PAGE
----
Frye: Lawmaker seeks investigation
A local lawmaker has asked the State Ethics Commission to investigate a possible conflict of interest involving the director of the Pennsylvania Game Commission's bureau of wildlife habitat management.
Bill Capouillez's job with the agency involves, among other things, negotiating oil and gas leases on state game lands.
After work, on his own, he has long had a side business negotiating similar leases for private landowners with those same companies. It's been lucrative; Capouillez said in a recent newspaper article he no longer needs his Game Commission salary for day-to-day living.
Some have complained in the past that represents a conflict of interest, but the Game Commission never has agreed.
Butler County Republican Daryl Metcalfe, majority chairman of the House of Representatives state government committee, wants an outside opinion, however. Last week he asked the ethics commission to examine Capouillez's outside work.
“You can't have an employee of the state doing a job during business hours and then changing hats and negotiating on a private basis after hours with the exact same people,” Metcalfe said. “It's a conflict of interest.”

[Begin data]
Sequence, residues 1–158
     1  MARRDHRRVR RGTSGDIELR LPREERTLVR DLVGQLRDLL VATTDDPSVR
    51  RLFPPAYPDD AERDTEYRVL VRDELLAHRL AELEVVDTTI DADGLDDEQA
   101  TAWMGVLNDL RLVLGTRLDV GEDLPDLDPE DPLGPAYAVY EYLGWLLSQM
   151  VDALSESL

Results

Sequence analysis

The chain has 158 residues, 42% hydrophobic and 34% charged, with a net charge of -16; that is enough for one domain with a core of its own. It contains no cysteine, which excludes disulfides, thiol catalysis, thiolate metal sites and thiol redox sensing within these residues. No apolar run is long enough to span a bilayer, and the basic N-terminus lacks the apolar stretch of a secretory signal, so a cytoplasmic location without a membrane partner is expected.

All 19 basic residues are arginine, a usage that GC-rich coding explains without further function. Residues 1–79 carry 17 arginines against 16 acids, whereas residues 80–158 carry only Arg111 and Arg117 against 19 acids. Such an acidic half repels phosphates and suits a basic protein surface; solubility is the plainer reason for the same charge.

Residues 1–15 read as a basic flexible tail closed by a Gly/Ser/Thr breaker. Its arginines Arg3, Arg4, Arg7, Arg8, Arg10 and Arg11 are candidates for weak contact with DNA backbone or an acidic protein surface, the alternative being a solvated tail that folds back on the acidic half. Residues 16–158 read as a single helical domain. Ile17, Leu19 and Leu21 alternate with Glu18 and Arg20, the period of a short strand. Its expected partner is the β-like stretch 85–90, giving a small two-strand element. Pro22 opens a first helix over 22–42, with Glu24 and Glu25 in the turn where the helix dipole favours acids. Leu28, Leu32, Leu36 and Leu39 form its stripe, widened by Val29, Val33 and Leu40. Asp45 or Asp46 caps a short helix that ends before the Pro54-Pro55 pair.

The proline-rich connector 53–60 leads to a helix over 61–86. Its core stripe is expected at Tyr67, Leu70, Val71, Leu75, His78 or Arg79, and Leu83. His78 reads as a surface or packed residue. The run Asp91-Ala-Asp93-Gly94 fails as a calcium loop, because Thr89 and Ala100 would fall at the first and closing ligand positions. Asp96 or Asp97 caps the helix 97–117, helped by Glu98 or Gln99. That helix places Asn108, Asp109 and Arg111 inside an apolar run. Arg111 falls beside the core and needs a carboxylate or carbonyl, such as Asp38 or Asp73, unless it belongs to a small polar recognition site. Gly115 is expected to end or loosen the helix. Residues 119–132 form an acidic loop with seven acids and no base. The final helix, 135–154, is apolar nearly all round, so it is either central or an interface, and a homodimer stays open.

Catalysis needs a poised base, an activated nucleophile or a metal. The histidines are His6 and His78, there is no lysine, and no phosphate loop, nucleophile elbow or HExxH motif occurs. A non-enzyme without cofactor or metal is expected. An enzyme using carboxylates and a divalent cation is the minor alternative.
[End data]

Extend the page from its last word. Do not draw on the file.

Metcalfe isn't sure how long an ethics commission investigation may take. Commission officials told him they're short-staffed.
But he expects an investigation to get under way soon, with a ruling delivered this fall, he said.
Game Commission executive director Carl Roe declined to address the issue. Through press secretary Travis Lau, he said it's a personnel issue.
Capouillez disputed the idea of any conflict of interest, however, in a letter released to the media.
“I am confident that if (Metcalfe) were presented with the magnitude of evidence and actual facts regarding my state employment as compared to that of my supplemental employment, he, too, would come to the same conclusions that many already have … that there just simply is no conflict of interest,” he said.
He pointed out that while he still works with previous clients, he hasn't taken a new one in three years. Even at that, he has “consistently complied” with the Governor's Code of Conduct.
“The standards for complying with any ‘supplementary employment' are very high and since my initial supplementary employment approval, I have never been notified of any ethical violations,” he added.
That doesn't seem as if it's going to be enough to satisfy Metcalfe. He said if the ethics commission doesn't find Capouillez to have violated existing statutes, “common sense” says the statutes are not sufficiently strong, and he'll introduce legislation to rework them.